Expert voice: recommendations for overcoming obstacles to vaccination in children

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Immunization, one of the most cost-effective preventive health interventions, has become a priority and is a driving force in reducing child mortality, including controlling vaccine-preventable diseases. Ensuring high immunization coverage and its acceptance by beneficiaries is crucial for a healthy society. Dr Fazal Nabi and Dr Deepti Thakur, Jaslok Hospital, explain and share some recommendations for overcoming the immunization barrier in children.

Immunization is a multisectoral activity, and substantial variability in coverage exists across the world, influenced by varying demographic, socio-economic and political structures. In addition, factors such as education, occupation, household income, gender, living conditions, housing, awareness, religion, etc. seem to play an important role even in the presence of immunization programs and other health services. It is a well-known fact that when immunization coverage is low, vaccine-preventable diseases contribute to worse health outcomes, especially in slums.

What are the barriers?

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There can be many obstacles depending on many factors. People come from diverse cultures with diverse ideologies regarding immunization, limited immunization awareness, the priority is to earn a living and therefore immunization may take a back seat in economically backward sects. Less community participation, so vaccination is still not the property of the people living in these settings. Responsibility is limited only to vaccinating those who come for a visit. No active monitoring and limited accountability or lack of on-the-job training and supportive supervision, limited resources including skilled and dedicated workforce, poor infrastructure for vaccine storage and other logistics ( for example, inactivated polio). These are just some of the many barriers to immunization.

Break down barriers

Role of health workers

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As healthcare workers, they must meet parents who are reluctant to have their children vaccinated, first acknowledge their concerns, then provide education to correct misconceptions and offer accurate information about the benefits and risks of vaccines. . Explain that serious vaccine reactions are rare and that vaccines are only approved for use if the evidence shows that their benefits significantly outweigh their risks. Provide parents with accurate information about vaccine-preventable diseases and advocate that all children receive the right vaccines at the right time. Provide them with accurate information and accurately answer parents’ questions about vaccines and their safety. They should be familiar with the current status and global and local prevalence of vaccine-preventable diseases, current vaccination recommendations, and the risks and benefits of vaccines. For more information on the alleged link between vaccines and autism, mitochondrial disease, or other health issues, they should direct parents to specific internet resources or experts better equipped to answer questions.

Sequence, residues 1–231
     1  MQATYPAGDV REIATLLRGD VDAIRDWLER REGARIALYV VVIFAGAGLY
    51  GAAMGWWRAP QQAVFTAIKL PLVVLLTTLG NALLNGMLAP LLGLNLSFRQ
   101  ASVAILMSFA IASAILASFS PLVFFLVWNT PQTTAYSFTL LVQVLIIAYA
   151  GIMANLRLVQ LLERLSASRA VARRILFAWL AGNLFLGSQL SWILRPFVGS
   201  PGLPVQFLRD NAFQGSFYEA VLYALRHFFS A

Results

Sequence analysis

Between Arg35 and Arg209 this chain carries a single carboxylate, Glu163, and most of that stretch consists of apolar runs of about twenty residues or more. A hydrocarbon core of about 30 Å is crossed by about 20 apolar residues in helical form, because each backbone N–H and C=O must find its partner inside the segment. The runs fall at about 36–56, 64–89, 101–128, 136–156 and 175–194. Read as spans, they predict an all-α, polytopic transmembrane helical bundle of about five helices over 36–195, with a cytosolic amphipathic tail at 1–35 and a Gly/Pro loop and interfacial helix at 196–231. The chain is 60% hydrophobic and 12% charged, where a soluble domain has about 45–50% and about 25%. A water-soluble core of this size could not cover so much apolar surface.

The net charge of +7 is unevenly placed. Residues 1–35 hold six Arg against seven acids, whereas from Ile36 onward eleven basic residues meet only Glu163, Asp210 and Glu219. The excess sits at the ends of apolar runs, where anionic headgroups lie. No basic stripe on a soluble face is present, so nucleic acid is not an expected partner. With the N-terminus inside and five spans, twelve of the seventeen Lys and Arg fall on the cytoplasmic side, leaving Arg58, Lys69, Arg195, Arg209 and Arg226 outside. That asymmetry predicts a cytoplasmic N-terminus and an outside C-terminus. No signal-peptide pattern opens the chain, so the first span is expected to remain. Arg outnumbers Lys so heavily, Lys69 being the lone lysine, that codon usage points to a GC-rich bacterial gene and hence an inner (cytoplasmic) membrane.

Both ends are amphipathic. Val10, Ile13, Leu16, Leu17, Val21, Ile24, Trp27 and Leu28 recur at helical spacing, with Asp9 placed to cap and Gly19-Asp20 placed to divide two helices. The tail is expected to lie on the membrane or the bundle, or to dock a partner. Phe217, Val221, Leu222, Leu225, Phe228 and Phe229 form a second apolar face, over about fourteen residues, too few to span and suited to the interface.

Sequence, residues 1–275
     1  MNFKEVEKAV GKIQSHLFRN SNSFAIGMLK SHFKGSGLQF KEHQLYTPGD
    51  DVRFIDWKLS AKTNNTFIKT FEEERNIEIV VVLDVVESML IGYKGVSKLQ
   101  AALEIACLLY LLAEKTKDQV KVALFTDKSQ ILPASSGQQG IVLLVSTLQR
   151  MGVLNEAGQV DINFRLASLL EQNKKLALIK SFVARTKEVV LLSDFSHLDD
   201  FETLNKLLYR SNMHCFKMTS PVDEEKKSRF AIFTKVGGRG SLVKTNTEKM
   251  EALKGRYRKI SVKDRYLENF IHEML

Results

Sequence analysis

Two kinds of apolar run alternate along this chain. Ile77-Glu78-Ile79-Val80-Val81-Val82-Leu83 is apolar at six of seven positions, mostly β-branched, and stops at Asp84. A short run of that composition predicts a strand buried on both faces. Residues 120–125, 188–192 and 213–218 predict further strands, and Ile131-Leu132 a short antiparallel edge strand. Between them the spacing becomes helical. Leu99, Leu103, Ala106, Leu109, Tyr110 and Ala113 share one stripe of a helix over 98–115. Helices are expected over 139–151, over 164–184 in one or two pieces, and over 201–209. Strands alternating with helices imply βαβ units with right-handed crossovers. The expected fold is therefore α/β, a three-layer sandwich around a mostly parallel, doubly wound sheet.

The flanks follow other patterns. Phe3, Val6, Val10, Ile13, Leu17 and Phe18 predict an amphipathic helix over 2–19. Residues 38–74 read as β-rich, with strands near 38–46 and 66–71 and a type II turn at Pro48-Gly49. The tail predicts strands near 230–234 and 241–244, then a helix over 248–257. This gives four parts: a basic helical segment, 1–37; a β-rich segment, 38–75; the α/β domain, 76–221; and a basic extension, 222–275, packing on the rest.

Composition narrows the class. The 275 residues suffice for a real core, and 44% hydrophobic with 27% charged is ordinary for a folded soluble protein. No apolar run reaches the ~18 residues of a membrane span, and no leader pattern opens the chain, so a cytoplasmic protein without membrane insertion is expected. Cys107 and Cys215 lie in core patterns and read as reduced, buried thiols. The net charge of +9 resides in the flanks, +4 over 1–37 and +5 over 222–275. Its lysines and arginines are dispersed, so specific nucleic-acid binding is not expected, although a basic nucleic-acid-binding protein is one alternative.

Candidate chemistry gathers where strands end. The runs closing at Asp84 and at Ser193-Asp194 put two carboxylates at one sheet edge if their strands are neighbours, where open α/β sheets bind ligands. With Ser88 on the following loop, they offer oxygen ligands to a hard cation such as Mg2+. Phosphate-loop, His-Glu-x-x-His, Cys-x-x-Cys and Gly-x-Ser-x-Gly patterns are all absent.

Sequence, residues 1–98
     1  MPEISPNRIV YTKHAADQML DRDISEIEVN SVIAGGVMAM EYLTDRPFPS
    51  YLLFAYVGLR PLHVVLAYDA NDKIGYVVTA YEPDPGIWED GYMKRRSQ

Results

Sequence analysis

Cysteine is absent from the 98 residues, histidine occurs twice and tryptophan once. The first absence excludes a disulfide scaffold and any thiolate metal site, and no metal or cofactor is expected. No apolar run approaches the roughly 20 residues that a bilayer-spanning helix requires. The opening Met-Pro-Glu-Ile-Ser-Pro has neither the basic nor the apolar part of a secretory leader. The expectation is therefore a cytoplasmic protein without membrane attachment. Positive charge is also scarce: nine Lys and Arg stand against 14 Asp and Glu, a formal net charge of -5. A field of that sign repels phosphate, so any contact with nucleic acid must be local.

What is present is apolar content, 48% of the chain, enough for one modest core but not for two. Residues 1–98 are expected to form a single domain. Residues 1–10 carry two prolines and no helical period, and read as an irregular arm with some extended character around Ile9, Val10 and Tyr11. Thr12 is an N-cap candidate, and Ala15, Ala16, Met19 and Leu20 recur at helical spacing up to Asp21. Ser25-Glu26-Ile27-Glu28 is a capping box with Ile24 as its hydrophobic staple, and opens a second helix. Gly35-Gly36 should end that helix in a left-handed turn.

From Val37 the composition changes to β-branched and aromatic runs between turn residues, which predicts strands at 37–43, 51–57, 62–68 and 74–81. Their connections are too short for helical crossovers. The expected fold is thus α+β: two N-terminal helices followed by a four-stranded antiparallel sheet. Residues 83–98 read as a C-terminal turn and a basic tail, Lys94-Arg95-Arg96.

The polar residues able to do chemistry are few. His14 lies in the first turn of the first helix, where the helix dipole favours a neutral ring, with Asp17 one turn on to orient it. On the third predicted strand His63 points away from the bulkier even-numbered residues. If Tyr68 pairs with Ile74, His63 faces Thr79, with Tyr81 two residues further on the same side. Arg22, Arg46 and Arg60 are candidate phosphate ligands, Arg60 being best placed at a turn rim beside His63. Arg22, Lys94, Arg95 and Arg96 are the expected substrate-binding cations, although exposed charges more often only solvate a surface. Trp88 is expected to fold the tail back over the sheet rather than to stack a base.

Role of social workers

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The role of social workers is really essential in raising awareness. They can create awareness similar to the polio program and involve communities in immunization planning and implementation.

They should help announce vaccination campaigns from places of worship, especially during festivals, and use public notice boards to inform about vaccination. They can also involve teachers to broaden their reach and send a reminder message (e.g. WhatsApp, SMS) a day before the scheduled date. They may come up with actions such as recognition or rewards for villages or communities with active participation and considerable immunization coverage to ensure that more people show up.

Role of health workers at grass road level

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Build trust between healthcare providers and beneficiaries and get to know their territory and their population. They should also start by listing the beneficiaries, updating the immunization micro-plan each year, listing the dropouts and organizing an awareness session for those not affected or never reached.

Organize regular catch-up rounds once every three months for dropout children. For those in the early stages of pregnancy, begin counseling on the benefits of vaccination and ensure a timely vaccine supply. Provide on-the-job training and supportive supervision and finally develop a positive attitude and behavior by motivating health service providers.

Policies that can help break down barriers

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Listen to your community and service providers, provide optimal resources, and improve disease surveillance. Policies can also help run awareness programs for staff at regular intervals and organize immunization sessions at times that are convenient for families.

They should address patient concerns and run a regular catch-up program, especially on Sundays, holidays, or evenings, so that everyone or most people are available to assist. Also incentivize both beneficiaries and service providers. By starting and carrying out appropriate immunization campaigns, we can achieve our goal of moving closer to a childhood free of preventable diseases for every child.

Also read: 5 important life skills every parent should teach their kids from the start

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